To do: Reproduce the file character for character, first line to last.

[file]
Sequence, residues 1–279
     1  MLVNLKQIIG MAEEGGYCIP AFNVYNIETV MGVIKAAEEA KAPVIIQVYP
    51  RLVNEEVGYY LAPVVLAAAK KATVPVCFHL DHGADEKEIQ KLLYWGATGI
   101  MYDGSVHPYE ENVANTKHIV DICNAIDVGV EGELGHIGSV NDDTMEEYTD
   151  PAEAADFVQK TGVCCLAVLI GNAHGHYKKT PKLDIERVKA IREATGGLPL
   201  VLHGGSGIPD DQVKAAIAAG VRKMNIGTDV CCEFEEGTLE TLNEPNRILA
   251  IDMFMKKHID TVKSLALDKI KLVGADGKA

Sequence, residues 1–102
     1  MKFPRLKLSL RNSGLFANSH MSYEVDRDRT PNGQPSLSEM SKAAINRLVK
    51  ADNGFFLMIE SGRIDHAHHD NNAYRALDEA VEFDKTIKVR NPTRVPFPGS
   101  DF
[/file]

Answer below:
Sequence, residues 1–279
     1  MLVNLKQIIG MAEEGGYCIP AFNVYNIETV MGVIKAAEEA KAPVIIQVYP
    51  RLVNEEVGYY LAPVVLAAAK KATVPVCFHL DHGADEKEIQ KLLYWGATGI
   101  MYDGSVHPYE ENVANTKHIV DICNAIDVGV EGELGHIGSV NDDTMEEYTD
   151  PAEAADFVQK TGVCCLAVLI GNAHGHYKKT PKLDIERVKA IREATGGLPL
   201  VLHGGSGIPD DQVKAAIAAG VRKMNIGTDV CCEFEEGTLE TLNEPNRILA
   251  IDMFMKKHID TVKSLALDKI KLVGADGKA

Sequence, residues 1–102
     1  MKFPRLKLSL RNSGLFANSH MSYEVDRDRT PNGQPSLSEM SKAAINRLVK
    51  ADNGFFLMIE SGRIDHAHHD NNAYRALDEA VEFDKTIKVR NPTRVPFPGS
   101  DF